Nothing, and I mean nothing in this entire world, can compare to the profound sense of satisfaction you get from seeing your children thrive, excel and prosper. I’ve long given up trying to restrain myself from bragging, and I’ll be damned if I’ll stop now. If I bore or annoy you, get over it or just unfriend me on Facebook. And hey, at least I’m not posting photos of my new barbecue or spreading the prophecy of Fox News reports.

Grand parenting is all it’s cracked up to be. My grandson came along not even two months ago, and now I am beside myself with obsessing about his future, welfare and well-being. If karmic influence carries any weight in this world, this child is going to fly.

With the perspective of living overseas for nearly five years under my belt, I’m able to assess my beloved U S of A in a new light. Flawed, blustery, entitled and a bit bruised in terms of public persona, she is still the best in the world, admirable and worthwhile. Perhaps a bit less honorable than I’d like, but nonetheless the single most admired, revered and looked up to nation on this earth. I’ve seen it, heard it and felt it countless times around the world.

Family is everything, as my mom loved to intone. But I’ve learned that it need not be enjoyed in saturated, perpetual doses. Our whistle stop tours to the US, UK and elsewhere to visit family keep the home fires burning just fine, and I am eternally grateful to be able to visit family and occasionally bring them to us. I miss the little things, of course (see above comment about grand parenting), but thanks to email, Skype, Facebook and the like, I feel a helluva lot closer to the action than I am.

Becoming a non-consumer is purifying and emancipating. We buy, sure, but stuff like toothbrushes, clothes when something tears or we need a warmer shirt, and loads of airline, bus and train tickets. Not buying stuff means we shake our heads over the inanity that is Black Friday, and remind ourselves that experiences, not new furniture, make us feel comfy and warm. As one of the guys we interviewed for our upcoming book told us, “I never stopped really living until I stopped consuming.”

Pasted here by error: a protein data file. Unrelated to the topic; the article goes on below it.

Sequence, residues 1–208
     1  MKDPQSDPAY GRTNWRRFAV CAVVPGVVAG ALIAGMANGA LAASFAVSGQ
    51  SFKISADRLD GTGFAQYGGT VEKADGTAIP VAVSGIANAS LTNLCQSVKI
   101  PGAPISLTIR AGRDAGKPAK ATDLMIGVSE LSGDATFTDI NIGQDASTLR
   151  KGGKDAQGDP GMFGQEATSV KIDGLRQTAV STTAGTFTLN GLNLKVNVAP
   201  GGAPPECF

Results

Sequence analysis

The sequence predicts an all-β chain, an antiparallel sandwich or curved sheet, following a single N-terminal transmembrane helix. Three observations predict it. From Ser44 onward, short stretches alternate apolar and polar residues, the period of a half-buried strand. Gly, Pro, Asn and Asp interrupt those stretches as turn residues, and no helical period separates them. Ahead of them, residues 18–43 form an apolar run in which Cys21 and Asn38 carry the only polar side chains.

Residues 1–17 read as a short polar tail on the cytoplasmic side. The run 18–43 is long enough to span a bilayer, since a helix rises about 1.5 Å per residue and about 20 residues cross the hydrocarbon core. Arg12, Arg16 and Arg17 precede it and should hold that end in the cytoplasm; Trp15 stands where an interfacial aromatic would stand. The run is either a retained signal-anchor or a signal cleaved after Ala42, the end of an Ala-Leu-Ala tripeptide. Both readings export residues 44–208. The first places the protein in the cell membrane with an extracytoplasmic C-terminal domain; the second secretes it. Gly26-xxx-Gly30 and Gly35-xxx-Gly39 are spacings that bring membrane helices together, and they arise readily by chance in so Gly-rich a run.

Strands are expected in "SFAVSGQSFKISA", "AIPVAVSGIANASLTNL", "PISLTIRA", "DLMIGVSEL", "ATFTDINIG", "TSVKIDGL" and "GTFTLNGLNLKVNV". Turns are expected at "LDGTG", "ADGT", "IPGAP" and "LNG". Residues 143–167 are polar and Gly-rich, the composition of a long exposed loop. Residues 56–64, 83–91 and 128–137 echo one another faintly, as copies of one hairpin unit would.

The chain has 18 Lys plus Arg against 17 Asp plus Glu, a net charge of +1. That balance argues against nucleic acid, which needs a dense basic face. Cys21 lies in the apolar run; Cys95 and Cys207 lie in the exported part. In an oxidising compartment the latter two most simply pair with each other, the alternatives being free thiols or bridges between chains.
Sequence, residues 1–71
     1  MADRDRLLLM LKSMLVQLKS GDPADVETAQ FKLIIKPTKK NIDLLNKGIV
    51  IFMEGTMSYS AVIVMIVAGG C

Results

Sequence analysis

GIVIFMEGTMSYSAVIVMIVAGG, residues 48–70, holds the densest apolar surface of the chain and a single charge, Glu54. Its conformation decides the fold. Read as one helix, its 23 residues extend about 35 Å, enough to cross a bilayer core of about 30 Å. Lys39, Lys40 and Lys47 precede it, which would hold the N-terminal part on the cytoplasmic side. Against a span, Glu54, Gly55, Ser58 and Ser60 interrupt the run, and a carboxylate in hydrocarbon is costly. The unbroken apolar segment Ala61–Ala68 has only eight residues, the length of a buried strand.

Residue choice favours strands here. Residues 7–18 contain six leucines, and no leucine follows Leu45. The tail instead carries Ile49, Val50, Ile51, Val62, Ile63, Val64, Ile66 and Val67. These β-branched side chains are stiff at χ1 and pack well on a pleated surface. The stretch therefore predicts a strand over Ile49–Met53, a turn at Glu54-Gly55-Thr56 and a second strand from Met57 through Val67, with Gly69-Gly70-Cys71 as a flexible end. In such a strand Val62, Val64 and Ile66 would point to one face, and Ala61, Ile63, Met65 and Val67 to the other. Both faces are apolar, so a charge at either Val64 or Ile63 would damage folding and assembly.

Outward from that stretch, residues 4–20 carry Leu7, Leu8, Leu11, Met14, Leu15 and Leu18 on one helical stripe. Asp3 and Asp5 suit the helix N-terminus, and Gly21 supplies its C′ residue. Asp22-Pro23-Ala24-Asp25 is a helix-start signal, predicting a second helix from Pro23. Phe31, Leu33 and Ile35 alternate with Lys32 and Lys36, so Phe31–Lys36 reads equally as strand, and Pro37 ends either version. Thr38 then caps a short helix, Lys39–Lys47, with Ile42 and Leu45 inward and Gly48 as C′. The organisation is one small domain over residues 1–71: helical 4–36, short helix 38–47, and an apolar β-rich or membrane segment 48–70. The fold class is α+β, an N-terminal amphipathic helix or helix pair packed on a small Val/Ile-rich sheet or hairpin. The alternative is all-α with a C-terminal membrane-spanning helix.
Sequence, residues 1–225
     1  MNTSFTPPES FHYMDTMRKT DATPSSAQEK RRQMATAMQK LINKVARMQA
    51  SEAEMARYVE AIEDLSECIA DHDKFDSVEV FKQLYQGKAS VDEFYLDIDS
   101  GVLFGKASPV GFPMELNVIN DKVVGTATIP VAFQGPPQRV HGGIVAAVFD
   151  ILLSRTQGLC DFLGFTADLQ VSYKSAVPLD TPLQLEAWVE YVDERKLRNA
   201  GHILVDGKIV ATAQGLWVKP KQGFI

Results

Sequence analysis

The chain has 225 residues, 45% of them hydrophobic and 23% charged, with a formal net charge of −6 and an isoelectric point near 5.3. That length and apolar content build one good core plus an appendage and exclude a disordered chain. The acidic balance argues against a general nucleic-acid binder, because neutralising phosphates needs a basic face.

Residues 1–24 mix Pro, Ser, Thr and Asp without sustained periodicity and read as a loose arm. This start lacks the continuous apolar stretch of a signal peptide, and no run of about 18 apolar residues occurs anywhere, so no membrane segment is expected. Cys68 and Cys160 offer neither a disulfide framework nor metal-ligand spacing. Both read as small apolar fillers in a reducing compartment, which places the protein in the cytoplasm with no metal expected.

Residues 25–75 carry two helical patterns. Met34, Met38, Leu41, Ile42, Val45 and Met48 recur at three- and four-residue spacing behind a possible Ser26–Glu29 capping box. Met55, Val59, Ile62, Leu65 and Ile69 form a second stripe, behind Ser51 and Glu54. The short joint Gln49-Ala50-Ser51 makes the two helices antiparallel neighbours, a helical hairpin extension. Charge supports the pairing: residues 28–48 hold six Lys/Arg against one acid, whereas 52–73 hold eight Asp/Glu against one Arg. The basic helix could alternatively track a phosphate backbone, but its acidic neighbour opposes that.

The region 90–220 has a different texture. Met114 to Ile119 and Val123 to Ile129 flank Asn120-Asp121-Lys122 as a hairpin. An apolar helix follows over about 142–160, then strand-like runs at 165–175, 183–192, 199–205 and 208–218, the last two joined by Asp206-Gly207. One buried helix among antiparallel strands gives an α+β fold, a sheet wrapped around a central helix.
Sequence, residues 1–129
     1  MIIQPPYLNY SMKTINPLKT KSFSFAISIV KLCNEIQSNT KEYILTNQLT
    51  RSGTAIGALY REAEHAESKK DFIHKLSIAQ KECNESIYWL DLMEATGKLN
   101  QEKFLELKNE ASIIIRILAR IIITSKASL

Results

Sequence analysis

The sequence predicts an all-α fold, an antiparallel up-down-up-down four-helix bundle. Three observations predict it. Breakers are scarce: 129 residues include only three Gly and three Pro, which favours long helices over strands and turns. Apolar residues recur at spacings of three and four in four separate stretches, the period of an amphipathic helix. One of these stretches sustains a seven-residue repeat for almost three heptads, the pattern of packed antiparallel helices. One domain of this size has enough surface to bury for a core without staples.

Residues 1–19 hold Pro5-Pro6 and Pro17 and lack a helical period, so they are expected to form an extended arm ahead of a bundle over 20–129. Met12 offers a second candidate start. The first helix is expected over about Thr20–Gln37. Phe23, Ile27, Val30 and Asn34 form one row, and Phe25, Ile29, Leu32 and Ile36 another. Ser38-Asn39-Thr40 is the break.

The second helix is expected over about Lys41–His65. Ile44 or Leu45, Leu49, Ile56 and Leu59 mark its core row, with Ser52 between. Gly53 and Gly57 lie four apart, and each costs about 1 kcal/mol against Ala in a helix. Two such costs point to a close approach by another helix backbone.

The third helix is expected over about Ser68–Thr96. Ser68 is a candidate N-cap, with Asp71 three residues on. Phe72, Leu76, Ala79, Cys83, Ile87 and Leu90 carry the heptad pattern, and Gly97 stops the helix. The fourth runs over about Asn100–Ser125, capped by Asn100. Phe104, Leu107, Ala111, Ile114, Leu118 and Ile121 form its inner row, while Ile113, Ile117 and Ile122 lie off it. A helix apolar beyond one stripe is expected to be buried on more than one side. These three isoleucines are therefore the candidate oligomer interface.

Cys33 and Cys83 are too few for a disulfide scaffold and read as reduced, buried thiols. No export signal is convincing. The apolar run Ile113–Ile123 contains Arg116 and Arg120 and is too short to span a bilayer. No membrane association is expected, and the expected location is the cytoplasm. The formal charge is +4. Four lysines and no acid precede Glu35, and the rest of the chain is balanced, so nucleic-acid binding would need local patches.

Not having a TV means I’m going to defy the conventional image of an old guy sitting in front of endless episodes of MASH reruns and sporting events. But and the fascinating technology of Gamecast helped me watch the Red Sox win their latest World Series while I was sitting in a café in Baisha, China, and I religiously monitor the mounting losses by my beloved Syracuse University football squad and wins by the Orange hoop teams from some of the world’s most remote locations. I never, ever, miss at least part of a Patriots game.

Come to think of it, the Pats play this afternoon. Gotta make sure I’m either near an international sports bar or am able to log on and watch online.

Naps matter, and I’m as committed to my daily siesta as I am to breakfast, lunch and dinner. And you know how I love food. You can interrupt a conversation, a meal, or our travels, but if you break into my naptime you’re treading on very thin ice.

Enough from me, for now. There’s an awakening world to evaluate and appreciate, in my wide-eyed, 60-year-old adolescent way. And I’m so glad you’re all in it with me.